I believe that things can’t stay still, they need to continually grow and evolve. And so it is with Ginger & Lime. Once the rough concept became a reality, it seemed to have a life of it’s own, on a journey that almost runs parallel to my own life, and I am able to detach and observe.
What I fascinates me over and over again is the ability of food and wine to heighten experiences, conversation and life in general.
I, like most others that are passionate about food, am obsessed with Chef’s Table. I savour each programme, digesting every detail, nuance and emotion that each chef awakens in me and then I wait a while in between before I allow myself the pleasure of devouring another episode. Each one is so incredibly unique and each chef has their own story, and I want to hear each one, and dedicate the respect to this person that they deserve for bearing their soul to us. They are incredibly brave to do so.
In particular, I loved these words by Francis Mallman, Argentina:
‘The energy just rolls with us and people from the outside get attracted to this. They feel the magic!
I need a joyous, festive, feeling in my kitchen, with the hours and hard work we do as a team, we must have this.’
These echo and ring true for the experience that happens when we host one of our interactive courses. No matter how hard the day has been, or how late the night before was, how sore the back might be, when the guests arrive in the kitchen and we do the welcome chat of how the evening will run, my team and I also feel this incredible energy that seems to carry us through on a high of note. All tiredness, physical and mental, melts away. We work smoothly as one, we dance around each other in the kitchen, and we have incredible fun doing so. We each give our all, every single time, as it should be. Our guests feel this magic, feel this passion and in turn become ignited by it. There is a joyous and festive feeling in my kitchen, which spurs us on to keep giving, to keep doing more to make this experience more than what was expected.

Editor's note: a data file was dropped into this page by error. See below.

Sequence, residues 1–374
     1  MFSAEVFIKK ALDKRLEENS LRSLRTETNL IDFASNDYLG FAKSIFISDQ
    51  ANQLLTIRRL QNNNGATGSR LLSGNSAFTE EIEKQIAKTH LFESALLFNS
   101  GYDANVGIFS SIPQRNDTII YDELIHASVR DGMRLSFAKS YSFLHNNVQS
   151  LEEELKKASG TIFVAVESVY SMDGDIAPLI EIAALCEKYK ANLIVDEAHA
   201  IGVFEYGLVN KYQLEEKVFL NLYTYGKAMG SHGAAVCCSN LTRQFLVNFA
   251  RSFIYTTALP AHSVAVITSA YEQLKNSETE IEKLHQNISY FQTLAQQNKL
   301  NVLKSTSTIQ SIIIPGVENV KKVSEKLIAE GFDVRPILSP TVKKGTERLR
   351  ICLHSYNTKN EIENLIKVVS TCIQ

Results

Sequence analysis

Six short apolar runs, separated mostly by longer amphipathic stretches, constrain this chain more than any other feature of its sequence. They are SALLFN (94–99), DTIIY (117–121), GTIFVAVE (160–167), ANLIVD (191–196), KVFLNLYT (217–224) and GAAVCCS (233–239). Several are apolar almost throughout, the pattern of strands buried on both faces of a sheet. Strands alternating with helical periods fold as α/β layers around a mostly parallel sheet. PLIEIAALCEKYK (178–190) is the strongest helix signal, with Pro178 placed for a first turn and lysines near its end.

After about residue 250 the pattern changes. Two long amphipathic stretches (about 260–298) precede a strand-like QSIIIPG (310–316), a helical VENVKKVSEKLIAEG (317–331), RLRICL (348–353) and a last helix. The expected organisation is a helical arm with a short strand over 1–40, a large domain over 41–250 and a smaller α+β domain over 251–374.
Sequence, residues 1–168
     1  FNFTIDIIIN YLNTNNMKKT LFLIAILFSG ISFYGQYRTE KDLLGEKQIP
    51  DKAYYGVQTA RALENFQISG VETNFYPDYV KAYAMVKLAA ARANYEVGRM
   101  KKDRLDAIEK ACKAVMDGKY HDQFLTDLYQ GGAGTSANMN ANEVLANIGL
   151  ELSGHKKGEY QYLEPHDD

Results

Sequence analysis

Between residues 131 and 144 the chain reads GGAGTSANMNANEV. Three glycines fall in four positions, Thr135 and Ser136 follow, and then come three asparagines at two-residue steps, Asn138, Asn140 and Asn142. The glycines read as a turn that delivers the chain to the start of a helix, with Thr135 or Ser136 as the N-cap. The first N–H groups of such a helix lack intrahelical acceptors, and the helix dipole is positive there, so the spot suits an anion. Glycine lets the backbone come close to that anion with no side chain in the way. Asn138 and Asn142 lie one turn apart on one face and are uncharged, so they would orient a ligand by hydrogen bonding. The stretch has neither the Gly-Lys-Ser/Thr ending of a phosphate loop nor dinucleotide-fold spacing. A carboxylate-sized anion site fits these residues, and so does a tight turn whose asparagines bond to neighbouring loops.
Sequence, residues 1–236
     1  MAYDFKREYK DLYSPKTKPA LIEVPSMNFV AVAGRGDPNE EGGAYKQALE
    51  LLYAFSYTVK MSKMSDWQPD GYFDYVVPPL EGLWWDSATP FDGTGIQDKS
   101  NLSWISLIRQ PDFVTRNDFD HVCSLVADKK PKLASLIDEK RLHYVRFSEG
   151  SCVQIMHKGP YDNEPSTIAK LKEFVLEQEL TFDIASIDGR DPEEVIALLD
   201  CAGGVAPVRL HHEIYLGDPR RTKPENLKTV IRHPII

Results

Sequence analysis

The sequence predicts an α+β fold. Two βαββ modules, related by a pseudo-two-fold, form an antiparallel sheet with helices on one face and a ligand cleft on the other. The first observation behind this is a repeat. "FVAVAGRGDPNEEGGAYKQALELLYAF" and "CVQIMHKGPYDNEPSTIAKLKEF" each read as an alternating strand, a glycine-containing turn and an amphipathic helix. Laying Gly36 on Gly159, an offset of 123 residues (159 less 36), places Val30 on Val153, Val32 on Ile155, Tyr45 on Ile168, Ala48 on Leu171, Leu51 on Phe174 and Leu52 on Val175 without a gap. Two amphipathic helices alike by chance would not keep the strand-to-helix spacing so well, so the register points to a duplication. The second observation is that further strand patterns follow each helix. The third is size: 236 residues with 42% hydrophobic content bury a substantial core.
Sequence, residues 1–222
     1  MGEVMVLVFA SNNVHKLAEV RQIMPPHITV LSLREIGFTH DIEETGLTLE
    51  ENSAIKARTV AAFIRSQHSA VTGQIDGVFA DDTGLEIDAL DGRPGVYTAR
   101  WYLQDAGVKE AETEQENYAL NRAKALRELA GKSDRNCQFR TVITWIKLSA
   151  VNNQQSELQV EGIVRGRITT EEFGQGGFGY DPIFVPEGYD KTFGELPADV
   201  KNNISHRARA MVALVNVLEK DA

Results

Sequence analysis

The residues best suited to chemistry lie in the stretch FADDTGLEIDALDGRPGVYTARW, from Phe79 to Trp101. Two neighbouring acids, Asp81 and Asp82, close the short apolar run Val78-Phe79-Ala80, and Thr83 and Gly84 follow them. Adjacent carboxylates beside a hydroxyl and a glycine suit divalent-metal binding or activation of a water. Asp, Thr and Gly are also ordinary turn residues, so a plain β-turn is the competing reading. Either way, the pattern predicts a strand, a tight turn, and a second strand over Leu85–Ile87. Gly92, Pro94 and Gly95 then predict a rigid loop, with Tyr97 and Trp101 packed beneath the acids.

The hours are long, and physically this work is exhausting, so I know I need to recharge from time to time, or there is a huge risk of burnout and throwing in the towel.
Having said that, I am presently in the Seychelles, and I am doing just that. I have not been here before, and what a wonderful experience it is to discover new places and all that they have to offer. How blessed to have this opportunity!
I knew of course that Creole cooking is big here, and that they use a lot of spices and are well known for their aromatic curries. This of course is right up my alley, as there is nothing more satisfying to me than the complexity of a well balanced curry. And then of course there is the ample supply of fresh seafood, being a remote island, which is again, right up my alley.